By now, it is all but a foregone conclusion that submarines will continue to be on the wish list of key navies in the Indo-Pacific, even if it means stretching their resource limits to attain this elusive goal. The fact that even such small, traditionally under-resourced navies as Bangladesh have recently laid their hands on a pair of second-hand Chinese submarines means that the projected 250-300 submarines lurking in the regional waters by 2030 is not a remote eventuality.
It is true that such technically complex platforms as submarines would require considerable time and resources to acquire, operate, and maintain as a viable operational force. Yet it is also true that the process of this regional proliferation offers a tight window for necessary measures to prevent and mitigate the underwater safety risks therein.
As Rear Admiral Timothy Lo, Republic of Singapore Navy (RSN) Head of Naval Operations, put it during the second Submarine Operational Safety Conference (SMOSC) held in South Korea back in June 2016: “Over the last 10 years or so, we have seen a proliferation of submarines and submarine-operating navies. When the underwater environment becomes more crowded, the risk of an inadvertent collision is higher.”Enjoying this article? Click here to subscribe for full access. Just $5 a month.
Dangers Lurking in the Deep
In outlining the risks therein, the facts really do speak for themselves. Geography is immutable: the Indo-Pacific littorals constitute congested water spaces – over, on, and under which dense traffic exists. The South China Sea, for example, where submarines are likely to operate in the backdrop of the persistent maritime disputes, is only around 60-70 meters deep, especially in the southern reaches.
It does not help that deep-draught vessels increasingly ply the regional waters. Ultra-Large Crude Carriers (ULCCs) and giant container ships, such as the Maersk Triple E class for instance, have draughts around 16-24.5 meters deep, leaving little space for maneuver which “is more akin to a two-dimensional space rather than a three-dimensional space for submarines” as former Chief of Navy Rear Admiral Lai Chung Han aptly described back in 2015. The margin for error is too narrow for submariners.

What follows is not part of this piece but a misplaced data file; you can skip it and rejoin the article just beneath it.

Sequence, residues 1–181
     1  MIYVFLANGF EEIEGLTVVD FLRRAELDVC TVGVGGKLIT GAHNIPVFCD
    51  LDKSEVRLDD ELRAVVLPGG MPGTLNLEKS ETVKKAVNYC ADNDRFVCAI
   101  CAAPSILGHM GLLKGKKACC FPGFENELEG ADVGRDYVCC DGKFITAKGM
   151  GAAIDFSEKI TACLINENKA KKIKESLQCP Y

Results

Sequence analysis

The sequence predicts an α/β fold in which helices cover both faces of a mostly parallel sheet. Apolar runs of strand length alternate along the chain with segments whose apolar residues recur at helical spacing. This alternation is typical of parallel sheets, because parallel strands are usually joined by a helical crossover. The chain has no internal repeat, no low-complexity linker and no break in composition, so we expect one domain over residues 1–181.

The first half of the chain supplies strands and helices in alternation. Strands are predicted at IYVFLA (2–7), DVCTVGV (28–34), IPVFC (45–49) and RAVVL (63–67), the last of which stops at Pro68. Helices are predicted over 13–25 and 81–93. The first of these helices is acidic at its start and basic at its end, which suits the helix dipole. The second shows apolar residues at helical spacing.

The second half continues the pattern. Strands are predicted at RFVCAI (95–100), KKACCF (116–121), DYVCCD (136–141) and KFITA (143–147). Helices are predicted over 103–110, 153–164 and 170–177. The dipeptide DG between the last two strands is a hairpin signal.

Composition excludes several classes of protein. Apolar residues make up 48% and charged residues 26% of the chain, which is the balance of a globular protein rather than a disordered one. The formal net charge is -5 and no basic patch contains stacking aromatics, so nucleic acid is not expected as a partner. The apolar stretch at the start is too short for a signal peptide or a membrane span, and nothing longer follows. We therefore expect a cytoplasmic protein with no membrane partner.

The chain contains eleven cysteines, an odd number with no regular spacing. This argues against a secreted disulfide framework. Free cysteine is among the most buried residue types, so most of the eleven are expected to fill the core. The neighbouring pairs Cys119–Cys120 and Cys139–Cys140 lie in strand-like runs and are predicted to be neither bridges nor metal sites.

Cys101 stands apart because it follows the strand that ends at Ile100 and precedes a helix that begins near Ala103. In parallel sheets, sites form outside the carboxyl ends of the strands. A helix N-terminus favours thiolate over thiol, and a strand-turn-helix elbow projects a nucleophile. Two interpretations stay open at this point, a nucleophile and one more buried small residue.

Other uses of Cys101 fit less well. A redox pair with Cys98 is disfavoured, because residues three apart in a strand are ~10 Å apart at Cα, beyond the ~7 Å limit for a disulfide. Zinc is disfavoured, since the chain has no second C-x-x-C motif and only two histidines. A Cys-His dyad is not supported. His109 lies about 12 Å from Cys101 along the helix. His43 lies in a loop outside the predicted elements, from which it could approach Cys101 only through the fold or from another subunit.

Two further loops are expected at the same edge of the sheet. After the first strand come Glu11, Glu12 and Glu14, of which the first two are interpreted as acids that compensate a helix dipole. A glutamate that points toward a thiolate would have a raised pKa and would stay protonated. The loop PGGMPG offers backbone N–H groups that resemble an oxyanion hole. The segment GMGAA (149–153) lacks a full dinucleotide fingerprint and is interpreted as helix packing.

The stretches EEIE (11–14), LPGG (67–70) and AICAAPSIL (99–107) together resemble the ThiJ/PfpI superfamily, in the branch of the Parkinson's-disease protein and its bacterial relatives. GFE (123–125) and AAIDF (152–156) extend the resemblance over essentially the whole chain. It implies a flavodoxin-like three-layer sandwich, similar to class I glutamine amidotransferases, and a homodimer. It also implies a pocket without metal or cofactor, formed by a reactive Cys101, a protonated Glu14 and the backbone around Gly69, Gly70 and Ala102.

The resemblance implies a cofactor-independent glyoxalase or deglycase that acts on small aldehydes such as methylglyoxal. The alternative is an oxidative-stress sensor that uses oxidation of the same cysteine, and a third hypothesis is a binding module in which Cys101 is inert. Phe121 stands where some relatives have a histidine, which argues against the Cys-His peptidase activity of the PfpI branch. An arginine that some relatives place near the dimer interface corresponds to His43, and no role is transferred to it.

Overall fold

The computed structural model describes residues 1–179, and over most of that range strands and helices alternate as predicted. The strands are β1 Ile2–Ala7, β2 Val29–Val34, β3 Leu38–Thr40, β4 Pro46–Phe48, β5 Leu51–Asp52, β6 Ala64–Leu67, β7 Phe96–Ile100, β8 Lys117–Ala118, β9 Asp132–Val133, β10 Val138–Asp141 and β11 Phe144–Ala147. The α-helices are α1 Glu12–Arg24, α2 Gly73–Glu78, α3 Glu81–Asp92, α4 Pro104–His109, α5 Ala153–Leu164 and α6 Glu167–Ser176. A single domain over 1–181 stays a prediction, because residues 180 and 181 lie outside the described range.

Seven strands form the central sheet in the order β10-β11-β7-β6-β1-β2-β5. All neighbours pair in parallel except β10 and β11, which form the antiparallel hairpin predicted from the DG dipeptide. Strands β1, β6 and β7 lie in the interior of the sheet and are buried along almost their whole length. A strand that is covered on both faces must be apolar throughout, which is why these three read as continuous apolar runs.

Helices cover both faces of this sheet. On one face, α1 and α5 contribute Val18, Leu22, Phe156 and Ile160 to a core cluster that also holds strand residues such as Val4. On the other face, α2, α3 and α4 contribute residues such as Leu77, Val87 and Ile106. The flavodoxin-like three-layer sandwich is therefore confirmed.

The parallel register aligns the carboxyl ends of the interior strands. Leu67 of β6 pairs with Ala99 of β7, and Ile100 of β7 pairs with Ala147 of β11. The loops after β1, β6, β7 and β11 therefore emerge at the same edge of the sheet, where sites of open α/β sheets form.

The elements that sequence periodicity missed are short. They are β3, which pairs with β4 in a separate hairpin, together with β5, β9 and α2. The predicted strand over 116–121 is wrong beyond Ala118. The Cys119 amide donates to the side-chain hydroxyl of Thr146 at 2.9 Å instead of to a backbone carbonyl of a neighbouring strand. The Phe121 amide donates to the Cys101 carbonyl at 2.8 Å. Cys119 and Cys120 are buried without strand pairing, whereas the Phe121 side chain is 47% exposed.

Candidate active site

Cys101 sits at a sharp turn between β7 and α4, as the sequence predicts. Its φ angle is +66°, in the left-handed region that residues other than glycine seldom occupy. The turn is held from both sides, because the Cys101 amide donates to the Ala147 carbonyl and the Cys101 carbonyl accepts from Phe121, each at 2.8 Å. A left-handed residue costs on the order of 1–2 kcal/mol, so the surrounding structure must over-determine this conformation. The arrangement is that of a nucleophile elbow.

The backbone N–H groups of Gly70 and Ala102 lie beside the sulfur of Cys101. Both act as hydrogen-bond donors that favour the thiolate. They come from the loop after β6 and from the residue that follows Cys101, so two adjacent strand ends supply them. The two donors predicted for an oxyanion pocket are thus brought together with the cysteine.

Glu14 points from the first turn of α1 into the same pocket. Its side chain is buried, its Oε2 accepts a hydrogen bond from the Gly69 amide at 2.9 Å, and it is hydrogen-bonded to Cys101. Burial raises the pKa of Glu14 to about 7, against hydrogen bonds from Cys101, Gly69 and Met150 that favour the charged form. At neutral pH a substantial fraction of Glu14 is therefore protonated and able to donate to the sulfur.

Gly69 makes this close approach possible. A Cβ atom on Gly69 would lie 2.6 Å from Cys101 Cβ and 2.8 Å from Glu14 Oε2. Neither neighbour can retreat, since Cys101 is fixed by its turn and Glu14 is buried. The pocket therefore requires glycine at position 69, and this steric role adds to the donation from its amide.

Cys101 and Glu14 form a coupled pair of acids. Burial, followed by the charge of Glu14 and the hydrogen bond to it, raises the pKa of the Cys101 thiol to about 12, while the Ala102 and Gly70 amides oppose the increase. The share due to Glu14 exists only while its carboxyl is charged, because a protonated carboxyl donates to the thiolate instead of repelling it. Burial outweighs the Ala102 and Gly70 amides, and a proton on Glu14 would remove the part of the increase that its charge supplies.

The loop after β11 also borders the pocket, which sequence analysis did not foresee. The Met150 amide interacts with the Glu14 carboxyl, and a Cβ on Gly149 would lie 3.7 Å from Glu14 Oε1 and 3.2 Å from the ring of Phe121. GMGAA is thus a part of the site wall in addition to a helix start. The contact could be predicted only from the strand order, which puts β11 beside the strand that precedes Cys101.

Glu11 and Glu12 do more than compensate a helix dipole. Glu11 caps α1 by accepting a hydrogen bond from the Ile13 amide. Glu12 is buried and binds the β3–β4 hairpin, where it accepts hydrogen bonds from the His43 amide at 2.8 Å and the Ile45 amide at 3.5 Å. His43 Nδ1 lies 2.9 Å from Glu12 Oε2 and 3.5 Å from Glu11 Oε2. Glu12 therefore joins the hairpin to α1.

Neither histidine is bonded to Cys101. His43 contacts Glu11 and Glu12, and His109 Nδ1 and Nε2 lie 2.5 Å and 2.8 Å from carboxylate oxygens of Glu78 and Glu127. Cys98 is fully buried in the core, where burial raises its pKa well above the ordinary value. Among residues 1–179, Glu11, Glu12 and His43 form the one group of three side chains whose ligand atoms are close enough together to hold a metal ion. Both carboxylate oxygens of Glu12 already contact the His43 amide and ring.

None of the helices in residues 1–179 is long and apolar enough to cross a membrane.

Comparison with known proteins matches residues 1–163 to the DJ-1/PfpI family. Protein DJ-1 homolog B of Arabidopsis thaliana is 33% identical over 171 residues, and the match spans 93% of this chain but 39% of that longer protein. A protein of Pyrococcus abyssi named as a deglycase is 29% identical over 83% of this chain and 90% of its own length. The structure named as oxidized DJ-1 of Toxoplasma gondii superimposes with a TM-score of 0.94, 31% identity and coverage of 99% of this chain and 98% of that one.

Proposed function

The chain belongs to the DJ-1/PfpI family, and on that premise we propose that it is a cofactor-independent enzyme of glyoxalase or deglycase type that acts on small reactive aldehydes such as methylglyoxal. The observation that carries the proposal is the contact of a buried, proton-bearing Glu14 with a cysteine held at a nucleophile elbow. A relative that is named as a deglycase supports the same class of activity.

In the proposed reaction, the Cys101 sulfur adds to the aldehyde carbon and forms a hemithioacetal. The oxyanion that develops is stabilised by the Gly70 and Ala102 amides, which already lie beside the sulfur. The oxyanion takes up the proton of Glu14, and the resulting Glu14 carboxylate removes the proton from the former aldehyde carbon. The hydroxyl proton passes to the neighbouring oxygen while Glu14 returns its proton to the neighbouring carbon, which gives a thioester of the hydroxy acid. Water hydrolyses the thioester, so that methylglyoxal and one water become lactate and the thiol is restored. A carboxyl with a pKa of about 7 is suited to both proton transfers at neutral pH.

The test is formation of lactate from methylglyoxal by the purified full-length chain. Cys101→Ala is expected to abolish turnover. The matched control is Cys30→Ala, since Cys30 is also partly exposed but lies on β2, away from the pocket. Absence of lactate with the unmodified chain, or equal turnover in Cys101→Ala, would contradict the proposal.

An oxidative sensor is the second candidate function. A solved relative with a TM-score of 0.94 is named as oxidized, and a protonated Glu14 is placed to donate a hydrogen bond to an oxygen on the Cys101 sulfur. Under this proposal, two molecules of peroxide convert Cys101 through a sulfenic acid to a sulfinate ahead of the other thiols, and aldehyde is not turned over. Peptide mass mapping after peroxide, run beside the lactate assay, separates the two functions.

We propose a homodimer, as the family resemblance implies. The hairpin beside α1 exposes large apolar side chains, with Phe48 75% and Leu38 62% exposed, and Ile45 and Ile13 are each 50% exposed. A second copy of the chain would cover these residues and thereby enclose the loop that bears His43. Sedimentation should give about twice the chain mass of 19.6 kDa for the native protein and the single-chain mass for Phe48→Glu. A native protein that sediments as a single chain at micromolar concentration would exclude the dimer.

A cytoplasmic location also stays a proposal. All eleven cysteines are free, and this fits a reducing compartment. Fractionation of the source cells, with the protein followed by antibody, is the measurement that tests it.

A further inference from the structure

Add to this the persistent submarine proliferation in the region, where not only are existing operators expanding their fleet, but newcomers are also joining the fray and new submarines are getting increasingly quieter. Indeed, the region is not just witnessing a buildup in terms of submarines but other asymmetric countermeasures such as anti-submarine equipped aerial and surface assets. There is an entire ecosystem of platforms that enhances detection and tracking, while also complicating underwater safety at the same time.
Limitations of Reactive Safety
To be sure, some of the regional navies have been exploring ways to mitigate underwater risks, chiefly through the acquisition of submarine emergency response capabilities such as rescue vessels. Yet there are also clear limitations to such measures. First, only better-endowed navies can afford to acquire these assets since they add on to the already exorbitant costs of building an underwater force. Where no independent rescue capabilities are available, regional navies are seen to be striking up bilateral submarine rescue pacts.
Secondly, submarine emergency response, as its name implies, is a reactive undertaking – essentially waiting for disaster to strike and then hope to mitigate it. Quick response may not always be forthcoming, and this could mean life and death for the submariners in distress. Recall the procrastination amidst internal bureaucratic constraints and suspicions about foreign intervention within the Russian establishment that led to delays in rescuing those few survivors on board the submarine Kursk back in 2000.
What this region lacks is a robust preventive approach, which would complement the reactive aspect. Europe does offer a model for some of this. The North Atlantic Treaty Organization (NATO) has a Submarine Movement Advisory Authority to deconflict underwater activities, and there are also established procedures and standards under the auspices of NATO’s International Submarine Escape and Rescue Liaison Office (ISMERLO). But there is no NATO in the Indo-Pacific, and given the vastly different geopolitical context, an ISMERLO analogue would likely continue to prove to be elusive in the region, at best requiring significant time and effort to build mutual confidence and trust in order to eventualize.